Friday, 7 September 2012

The Best Running of My Life

It turns out that day two of the Ring O' Fire was between 68 and 70miles, I managed to get a good massage, three bowls of pasta and a good nights sleep in another village hall. Runners were coming in all through the night some taking over 20 hours coming in at 2a.m. and having to start running again at 6a.m.!!

As I had a near three hour lead over the second place competitor and my knee was very painful I just wanted to get through the final 35miles, so I ran for most of the day with Richard Webster. Richard is a crazy nutter ultra runner, having done such races as a 250mile arctic race and the infamous Leadville 100 (look it up, it is crazy!), so this race was a walk in the park for Richard. He was a really nice guy and chatting with him helped me forget the pain in my knee and also stop me from getting lost.

Running on the final day with Richard
Not too far after the halfway mark the pain in my knee subsided and with less than 20 miles left to run I pushed on. The last two hours of this race was without a doubt the best running of my life, I have read stories of people who have done ultra endurance events and gone into a euphoric type state but never really believed it, until now!! The scenery was spectacular and I just felt like I could run forever, it was awesome! The last few miles were up and over Holyhead mountain, not a big mountain but the highest point on Anglesey. My dad had checked the route map and met me at the bottom of the hill and drove up the road next to me whilst I ran, I don't think he could believe how fast I was running. I skirted around the peak of the mountain (luckily the coastal path didn't take us over the summit) and made my way down to what was one of the best things I've ever seen, the finish. Spurred on by knowing I had less than half a mile to go I sprinted down to the finish to complete the epic adventure. 131miles, 13695feet of vertical ascent, the Ring O' Fire......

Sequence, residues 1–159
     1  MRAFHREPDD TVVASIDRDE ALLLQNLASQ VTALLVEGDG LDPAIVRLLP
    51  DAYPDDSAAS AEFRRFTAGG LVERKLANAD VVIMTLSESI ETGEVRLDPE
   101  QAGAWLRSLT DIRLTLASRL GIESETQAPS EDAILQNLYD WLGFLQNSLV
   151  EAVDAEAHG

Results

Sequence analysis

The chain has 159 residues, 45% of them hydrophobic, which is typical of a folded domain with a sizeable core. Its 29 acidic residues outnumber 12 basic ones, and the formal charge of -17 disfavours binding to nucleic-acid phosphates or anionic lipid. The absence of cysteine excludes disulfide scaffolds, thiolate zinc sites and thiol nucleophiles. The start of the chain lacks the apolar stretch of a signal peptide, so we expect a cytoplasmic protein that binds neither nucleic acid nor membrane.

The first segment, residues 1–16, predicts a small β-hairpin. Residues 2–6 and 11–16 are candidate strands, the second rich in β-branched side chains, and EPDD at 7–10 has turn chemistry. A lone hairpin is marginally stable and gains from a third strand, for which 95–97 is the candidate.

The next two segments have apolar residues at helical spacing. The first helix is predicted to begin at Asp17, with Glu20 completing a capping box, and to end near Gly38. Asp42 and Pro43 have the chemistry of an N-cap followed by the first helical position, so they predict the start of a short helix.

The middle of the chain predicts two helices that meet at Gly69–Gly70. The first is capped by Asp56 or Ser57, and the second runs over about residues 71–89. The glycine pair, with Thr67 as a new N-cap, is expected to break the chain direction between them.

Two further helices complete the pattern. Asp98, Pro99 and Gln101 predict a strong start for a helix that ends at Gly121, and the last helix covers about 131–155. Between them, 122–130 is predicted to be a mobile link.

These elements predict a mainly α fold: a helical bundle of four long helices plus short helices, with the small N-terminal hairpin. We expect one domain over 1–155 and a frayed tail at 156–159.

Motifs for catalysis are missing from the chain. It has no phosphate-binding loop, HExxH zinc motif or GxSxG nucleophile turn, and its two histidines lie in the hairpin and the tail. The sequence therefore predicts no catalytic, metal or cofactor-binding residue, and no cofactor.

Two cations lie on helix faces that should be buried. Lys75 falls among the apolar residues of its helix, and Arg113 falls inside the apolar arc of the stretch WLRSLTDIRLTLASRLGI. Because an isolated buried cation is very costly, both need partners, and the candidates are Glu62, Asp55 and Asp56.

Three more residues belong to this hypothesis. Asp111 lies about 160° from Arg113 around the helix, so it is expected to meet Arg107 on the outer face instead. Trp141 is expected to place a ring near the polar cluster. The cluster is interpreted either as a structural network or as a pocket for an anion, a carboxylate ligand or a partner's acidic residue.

Now having rested for a few days I am having some serious withdrawal symptoms, you forget the pain and just remember the joy and sense of achievement of what has been achieved. It was one of the best weekends of my life, and I can now proudly call myself an Ultra-marathon runner.

Talking tactics with my Dad
 People have been asking me how I managed to get round this race the way I did. As I have mentioned before this race and I guess any ultra endurance event is tougher mentally than it is physically, so you need to have a strong motivational pull to get you through. My motivation and inspiration for this race is my dad, however tough it got for me during this race it would never be as tough or as painful as having your leg amputated. So whenever I started to struggle or the going got tough I just thought of that and on I went.....

Thanks Dad, this one was for you :-)


  1. Great to meet you and run with you well done and looking forward to seeing you at another race soon

  2. I am reading about your meeting with Adharanand Finn in the book "Running with the Kenyans". Everything is so inspiring, thank you so much!

  3. Hello Tom, congrats on completing that ultra!
    I came across this blog site via your review of the Powerbreathe device.
    Would you mind letting me how you first came across this device, and how it fitted into your training regime?
    I ask because I'm a fellow runner, completed one marathon in Hong Kong, but hoping to try an ultra 50km next year, but all the local ones are VERY hilly, and thus i need all the help I can get!!! :)

  4. This is a very informative article, I'm also a runner in track and fields, I just wanna say thanks to the writer and wish you all the best for your writing. Keep it up :)

    -derrick adkins olympian